“Florida is so diverse, from the Panhandle down to South Florida,” Levin said. “You’re also seeing the type of diversity that is thrashing itself out in conflict … up state, down state, rural vs. urban … international vs. people who maintain that change is coming too fast for them.”
Marion County has the most individuals arrested so far, with four. Duval, Brevard, Broward, Orange and Pinellas counties each have three residents arrested, while Sarasota, Manatee, Collier, Escambia, Volusia, Palm Beach, Clay, Miami-Dade and Hillsborough counties each have two individuals arrested.
While the Florida insurrectionists have many differences, they often have a few things in common, such as gender, age and political beliefs. Only five of the group are women.
And while the arrestees include a pair of 21-year-olds and 67-year-old Tagaris, most are in their 30s or 40s. The average age is 41.
Many are registered Republicans who have expressed strong pro-Trump views. In photos provided in federal charging documents, many stormed the Capitol wearing MAGA hats or other Trump gear.
Fernandina Beach resident Jeffrey Register, 39, wore a “God, guns and Trump” hoodie into the Capitol, later telling the FBI his goal was to “affect Congress’s decision on” certifying the Electoral College vote. According to his indictment, Register added that he wished he had made it to the U.S. House chamber “to show his support for President Trump.”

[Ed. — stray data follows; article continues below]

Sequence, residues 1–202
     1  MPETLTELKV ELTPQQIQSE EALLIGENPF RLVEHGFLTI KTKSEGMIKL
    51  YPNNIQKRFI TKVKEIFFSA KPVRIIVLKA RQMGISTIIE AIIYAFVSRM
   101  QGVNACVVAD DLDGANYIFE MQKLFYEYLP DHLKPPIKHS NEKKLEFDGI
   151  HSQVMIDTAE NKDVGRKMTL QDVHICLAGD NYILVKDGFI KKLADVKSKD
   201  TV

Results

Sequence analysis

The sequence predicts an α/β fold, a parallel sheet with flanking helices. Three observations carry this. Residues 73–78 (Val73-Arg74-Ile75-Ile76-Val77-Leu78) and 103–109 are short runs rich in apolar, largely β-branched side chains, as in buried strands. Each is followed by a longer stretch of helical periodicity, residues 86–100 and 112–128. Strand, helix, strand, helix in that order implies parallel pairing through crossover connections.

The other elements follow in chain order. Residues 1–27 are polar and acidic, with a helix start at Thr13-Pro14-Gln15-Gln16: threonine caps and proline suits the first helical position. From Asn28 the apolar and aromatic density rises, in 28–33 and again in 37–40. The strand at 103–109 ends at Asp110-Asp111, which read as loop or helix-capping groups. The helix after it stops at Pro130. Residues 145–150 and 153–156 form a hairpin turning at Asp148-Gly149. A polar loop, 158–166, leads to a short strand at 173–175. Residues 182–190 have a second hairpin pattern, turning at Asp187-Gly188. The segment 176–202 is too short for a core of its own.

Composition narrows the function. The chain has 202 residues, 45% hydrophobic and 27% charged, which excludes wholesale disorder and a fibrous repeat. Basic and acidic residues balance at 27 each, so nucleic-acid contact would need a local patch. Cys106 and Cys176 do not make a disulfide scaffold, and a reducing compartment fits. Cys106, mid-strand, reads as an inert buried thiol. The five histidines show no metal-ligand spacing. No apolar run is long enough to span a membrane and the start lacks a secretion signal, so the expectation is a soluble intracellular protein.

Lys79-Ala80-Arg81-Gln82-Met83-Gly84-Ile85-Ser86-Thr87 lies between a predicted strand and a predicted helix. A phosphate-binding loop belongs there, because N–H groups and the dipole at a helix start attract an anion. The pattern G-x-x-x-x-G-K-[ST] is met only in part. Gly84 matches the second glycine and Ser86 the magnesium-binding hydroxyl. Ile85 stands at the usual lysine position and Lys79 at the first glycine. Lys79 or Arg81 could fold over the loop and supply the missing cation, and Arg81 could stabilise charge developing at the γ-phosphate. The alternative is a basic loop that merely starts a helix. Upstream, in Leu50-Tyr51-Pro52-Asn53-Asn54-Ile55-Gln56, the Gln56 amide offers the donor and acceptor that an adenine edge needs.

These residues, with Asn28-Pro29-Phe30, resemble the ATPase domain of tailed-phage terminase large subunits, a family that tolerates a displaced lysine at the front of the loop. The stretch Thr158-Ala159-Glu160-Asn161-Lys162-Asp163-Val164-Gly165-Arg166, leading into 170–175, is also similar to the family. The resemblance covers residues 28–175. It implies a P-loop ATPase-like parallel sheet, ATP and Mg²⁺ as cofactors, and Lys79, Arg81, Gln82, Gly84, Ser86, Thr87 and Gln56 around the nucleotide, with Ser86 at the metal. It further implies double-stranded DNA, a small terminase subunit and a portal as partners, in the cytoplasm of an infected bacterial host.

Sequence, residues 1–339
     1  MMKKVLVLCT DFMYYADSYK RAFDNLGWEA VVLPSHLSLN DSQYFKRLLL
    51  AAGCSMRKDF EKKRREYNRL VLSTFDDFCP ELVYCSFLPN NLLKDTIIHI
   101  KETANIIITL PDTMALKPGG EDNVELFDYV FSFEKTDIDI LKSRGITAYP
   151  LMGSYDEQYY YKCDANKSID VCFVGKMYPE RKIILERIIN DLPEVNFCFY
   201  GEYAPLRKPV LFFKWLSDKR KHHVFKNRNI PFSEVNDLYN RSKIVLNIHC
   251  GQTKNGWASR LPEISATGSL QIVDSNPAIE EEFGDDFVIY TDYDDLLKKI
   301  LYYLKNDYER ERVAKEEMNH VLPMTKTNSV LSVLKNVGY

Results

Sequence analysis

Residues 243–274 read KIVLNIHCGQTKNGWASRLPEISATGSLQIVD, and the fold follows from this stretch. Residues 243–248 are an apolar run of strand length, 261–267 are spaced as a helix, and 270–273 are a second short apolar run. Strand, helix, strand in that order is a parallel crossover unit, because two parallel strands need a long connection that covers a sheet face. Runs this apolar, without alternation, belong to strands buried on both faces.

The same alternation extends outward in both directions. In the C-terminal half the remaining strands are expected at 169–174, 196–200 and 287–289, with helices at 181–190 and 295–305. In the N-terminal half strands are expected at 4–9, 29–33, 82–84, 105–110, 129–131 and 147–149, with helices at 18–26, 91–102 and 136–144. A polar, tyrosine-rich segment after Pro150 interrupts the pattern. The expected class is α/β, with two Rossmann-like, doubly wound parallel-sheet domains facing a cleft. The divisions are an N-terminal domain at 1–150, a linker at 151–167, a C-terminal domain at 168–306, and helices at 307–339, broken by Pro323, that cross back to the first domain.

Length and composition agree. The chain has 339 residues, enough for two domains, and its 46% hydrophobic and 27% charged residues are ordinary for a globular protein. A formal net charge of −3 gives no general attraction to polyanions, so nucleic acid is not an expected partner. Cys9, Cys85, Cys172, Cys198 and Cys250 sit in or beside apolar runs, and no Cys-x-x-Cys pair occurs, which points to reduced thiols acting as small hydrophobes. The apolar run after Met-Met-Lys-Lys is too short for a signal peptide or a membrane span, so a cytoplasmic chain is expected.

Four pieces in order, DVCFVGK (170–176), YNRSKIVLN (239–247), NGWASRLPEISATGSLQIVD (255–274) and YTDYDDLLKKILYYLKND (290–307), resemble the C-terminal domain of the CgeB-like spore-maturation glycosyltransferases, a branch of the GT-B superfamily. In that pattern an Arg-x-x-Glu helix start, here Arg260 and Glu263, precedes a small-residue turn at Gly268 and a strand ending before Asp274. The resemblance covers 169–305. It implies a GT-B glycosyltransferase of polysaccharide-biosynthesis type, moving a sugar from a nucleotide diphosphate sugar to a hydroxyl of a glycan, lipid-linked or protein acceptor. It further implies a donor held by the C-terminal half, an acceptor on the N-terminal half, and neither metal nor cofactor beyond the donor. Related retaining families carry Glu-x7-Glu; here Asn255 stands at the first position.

Roughly one in four of the Florida insurrectionists is associated with either the Proud Boys or the Oath Keepers, making the state a particular hotbed for individuals active in extremist groups who are facing charges stemming from Jan. 6. That raises the question of whether Florida has a problem with such groups.
Proud Boys active in Florida
The far-right Proud Boys, a self-described “western chauvinist” group, have been active in Florida for years, including at mainstream political events. Six Proud Boys from Florida — and about two dozen total — have been arrested in connection with Jan. 6.
One reason Florida may have a more active Proud Boy contingent is that the group’s national leader, Enrique Tarrio, is from Florida. Tarrio was arrested in Washington, D.C., two days before Jan. 6 on a property destruction charge related to the burning of a Black Lives Matter banner at a church and weapons charges.
Garcia, the Miami Proud Boy, recorded a video inside the Capitol in which he turns to the camera and says “free Enrique,” according to his indictment.